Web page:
Should EDM Shows Be Cancelled Because Of Drug Use? Magnetic Vs. The Pitt News Continues . . .

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Should EDM Shows Be Cancelled Because Of Drug Use? Magnetic Vs. The Pitt News Continues . . .

The Pitt News, a student paper for the University of Pittsburgh, recently published a column by Brett Dresner that suggested attendance of EDM shows should be discouraged and that ultimately, EDM culture should be "eliminated".

His article makes erroneous assumptions about electronic dance music before ultimately stating that, what he refers to as a "movement", is not worth being preserved or changed. I immediately called out both the paper and Dresner for publishing an article that does more harm than good because of the mistruths it spreads.

Dresner responded to our post in our comment section. I have elected to publish his response in Magnetic's main thread to 1. Give Dresner an adequate space to have his response be heard and 2. demonstrate to the EDM community the type of stereotypes and misinformation that will challenge us as we move forward towards solving what is ultimately problem in American society as a whole - drug use and the surrounding hypocrisy of current drug policy.

Here is Brett Dresner's unedited response:

Dear Magnetic Mag,

Thank you for your response to my article. I always value criticism. However, I would like to ask you, as an expert, what do you consider the culture of EDM to be? I have been to country concerts and never seen anyone overdose on MDMA; I've been to rap concerts and haven't seen it happen. In fact, I have only ever seen MDMA done in excess at EDM events. Secondly, I would never call myself an expert, nor did I ever do so in my article. But, I think pretending that MDMA is not a harmful drug is a dangerous precedent to set.

I agree, education is an important step. Consider alcohol, it is a very dangerous substance but with education, people can learn the warning signs of alcohol poisoning. With MDMA,it is already too late. Someone can ingest more and more because it "feels good" then they're dead before they understand how much they have taken,not too mention alcohol isn’t cut with anything.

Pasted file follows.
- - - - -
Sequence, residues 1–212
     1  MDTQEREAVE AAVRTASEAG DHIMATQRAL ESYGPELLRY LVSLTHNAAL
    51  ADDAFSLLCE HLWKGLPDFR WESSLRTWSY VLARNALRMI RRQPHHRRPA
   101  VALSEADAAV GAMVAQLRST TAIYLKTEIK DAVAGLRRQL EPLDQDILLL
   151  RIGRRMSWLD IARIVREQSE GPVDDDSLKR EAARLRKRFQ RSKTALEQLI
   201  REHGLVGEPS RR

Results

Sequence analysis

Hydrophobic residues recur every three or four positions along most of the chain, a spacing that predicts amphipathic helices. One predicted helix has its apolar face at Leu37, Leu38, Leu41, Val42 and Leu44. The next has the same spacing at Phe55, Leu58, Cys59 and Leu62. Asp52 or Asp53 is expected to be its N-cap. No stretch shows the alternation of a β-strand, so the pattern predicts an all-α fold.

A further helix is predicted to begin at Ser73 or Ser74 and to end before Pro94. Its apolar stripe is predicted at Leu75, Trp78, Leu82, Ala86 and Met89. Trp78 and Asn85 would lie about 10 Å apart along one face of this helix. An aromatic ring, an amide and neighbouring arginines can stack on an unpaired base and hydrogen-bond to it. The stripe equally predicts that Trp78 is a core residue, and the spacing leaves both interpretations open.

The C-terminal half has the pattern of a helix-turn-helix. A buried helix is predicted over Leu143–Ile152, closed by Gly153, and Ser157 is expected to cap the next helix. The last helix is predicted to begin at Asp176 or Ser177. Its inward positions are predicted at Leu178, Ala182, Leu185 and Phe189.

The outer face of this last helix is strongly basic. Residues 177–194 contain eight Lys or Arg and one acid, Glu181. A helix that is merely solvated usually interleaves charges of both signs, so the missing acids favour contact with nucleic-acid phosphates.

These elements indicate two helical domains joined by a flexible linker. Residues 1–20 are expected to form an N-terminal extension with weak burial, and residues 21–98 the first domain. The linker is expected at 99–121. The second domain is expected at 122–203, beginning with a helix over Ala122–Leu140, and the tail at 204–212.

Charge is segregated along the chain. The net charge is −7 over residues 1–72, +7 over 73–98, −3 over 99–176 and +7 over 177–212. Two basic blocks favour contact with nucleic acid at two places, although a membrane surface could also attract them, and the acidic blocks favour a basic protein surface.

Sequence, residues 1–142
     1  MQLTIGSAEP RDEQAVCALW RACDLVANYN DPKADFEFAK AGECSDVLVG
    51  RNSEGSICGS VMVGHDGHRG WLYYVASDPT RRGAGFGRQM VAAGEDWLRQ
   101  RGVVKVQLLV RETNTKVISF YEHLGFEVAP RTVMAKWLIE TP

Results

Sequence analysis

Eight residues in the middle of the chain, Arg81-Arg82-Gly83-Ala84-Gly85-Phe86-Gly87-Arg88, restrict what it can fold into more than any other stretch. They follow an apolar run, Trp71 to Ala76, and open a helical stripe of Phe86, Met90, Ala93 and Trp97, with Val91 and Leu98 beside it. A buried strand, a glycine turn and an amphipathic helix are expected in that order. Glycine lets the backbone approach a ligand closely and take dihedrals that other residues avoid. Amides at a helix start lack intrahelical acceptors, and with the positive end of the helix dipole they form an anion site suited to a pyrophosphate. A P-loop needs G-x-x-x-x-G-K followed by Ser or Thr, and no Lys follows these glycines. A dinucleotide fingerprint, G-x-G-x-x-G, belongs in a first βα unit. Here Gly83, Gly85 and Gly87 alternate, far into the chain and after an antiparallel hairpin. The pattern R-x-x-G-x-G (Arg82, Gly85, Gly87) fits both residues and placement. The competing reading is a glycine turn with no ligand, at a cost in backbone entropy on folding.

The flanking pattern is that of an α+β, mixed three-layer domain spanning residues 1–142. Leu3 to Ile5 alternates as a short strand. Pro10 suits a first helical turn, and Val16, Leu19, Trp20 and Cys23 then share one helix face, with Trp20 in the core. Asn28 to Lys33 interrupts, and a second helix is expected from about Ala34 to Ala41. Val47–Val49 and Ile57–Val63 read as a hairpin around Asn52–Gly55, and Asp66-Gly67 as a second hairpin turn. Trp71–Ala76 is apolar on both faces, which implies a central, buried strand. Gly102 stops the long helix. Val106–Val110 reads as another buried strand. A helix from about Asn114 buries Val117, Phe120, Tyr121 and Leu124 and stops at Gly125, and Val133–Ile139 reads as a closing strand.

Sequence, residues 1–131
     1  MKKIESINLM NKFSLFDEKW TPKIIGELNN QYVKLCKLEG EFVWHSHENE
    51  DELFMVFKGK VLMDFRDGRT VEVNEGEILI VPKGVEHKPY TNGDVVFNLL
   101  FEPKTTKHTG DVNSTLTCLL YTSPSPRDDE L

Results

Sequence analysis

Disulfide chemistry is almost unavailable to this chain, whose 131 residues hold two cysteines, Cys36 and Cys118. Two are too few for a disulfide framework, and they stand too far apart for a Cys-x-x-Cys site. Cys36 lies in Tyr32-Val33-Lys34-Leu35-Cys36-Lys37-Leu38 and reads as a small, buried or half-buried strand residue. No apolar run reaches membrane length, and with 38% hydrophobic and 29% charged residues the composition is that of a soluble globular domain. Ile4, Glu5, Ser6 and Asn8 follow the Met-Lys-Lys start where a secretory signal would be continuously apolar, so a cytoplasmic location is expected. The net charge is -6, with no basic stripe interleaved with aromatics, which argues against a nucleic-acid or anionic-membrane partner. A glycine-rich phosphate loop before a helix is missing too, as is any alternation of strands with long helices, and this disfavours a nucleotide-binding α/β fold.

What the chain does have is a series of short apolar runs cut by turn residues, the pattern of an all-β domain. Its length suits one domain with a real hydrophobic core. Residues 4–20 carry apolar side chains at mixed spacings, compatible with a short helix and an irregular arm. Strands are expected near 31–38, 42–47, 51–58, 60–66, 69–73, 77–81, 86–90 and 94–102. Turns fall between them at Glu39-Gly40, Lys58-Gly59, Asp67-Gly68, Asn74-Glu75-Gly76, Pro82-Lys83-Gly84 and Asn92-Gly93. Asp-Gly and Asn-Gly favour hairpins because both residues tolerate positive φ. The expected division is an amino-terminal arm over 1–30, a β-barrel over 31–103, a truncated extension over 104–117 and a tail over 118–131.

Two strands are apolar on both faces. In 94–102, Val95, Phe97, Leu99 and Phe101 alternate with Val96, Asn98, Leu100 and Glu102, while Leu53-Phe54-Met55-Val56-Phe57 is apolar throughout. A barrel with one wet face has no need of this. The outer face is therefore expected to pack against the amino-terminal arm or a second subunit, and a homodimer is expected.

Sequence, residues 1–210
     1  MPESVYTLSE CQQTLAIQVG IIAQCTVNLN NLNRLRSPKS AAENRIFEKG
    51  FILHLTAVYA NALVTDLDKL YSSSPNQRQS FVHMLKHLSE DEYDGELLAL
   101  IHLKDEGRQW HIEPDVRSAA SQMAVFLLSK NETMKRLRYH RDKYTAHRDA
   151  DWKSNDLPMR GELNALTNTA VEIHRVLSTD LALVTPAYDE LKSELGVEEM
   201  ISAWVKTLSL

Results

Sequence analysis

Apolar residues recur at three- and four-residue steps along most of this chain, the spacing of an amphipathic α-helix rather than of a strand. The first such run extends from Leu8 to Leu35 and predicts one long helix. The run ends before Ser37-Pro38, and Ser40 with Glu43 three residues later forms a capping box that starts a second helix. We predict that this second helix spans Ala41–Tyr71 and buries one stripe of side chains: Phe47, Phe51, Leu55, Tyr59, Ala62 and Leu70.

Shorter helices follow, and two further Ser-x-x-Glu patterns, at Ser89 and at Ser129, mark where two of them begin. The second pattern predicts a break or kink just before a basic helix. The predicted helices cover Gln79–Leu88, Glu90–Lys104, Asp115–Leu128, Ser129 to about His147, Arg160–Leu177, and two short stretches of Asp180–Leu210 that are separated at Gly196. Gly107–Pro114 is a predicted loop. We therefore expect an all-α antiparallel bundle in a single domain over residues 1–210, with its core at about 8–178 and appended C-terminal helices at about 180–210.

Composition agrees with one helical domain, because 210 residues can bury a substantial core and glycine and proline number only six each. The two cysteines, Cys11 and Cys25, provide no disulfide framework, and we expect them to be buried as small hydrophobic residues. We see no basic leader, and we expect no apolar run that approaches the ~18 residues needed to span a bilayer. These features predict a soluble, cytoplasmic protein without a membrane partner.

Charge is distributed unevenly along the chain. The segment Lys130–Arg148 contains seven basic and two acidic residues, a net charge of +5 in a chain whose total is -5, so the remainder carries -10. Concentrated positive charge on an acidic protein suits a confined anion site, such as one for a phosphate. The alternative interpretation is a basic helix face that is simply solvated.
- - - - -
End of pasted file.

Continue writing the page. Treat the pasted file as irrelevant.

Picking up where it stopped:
I may not know where the movement began but I think we can both agree that it has taken off in mainstream culture within the past five years in the US; about the amount of time I have been in college. Drug and alcohol abuse are common in college, yes, but I think openly embracing EDM events, where significantly more drug use happens is shortsighted. Once again, I doubt we will ever reach an understanding between us, but I’m not so self-indulgent to say you don’t know “shit about fuck,” so I’ll just say, I enjoyed your insight."

My comment to Dresner is in the comment thread of the original post. He also debated us on twitter, choosing not to answer many of the questions we asked of him to help explain his argument. He continues to operate under the assumptions that EDM culture is all about MDMA and the best solution to the problem is for college students to stay away from EDM festivals.

I recognize that the Pitt News is "just" a student newspaper, but I feel that college students are being disproportionately impacted by the recent festival deaths. I want the voices of those in the 18-22 age range to be heard, as well as know how they are being misrepresented in all forms of media.

We do not condone the use of drugs here. We do however take a pragmatic approach and recognize that some fans of sports, rap, rock, country, pop and EDM may choose to drink alcohol, smoke weed, snort cocaine, or ingest molly at events. This fact holds true regardless of any moral or legal consequences.

An INFORMED discussion must start right now in order to prevent future deaths. A call to "Ban EDM" is only a new "Just Say No" campaign.

Look how that turned out.

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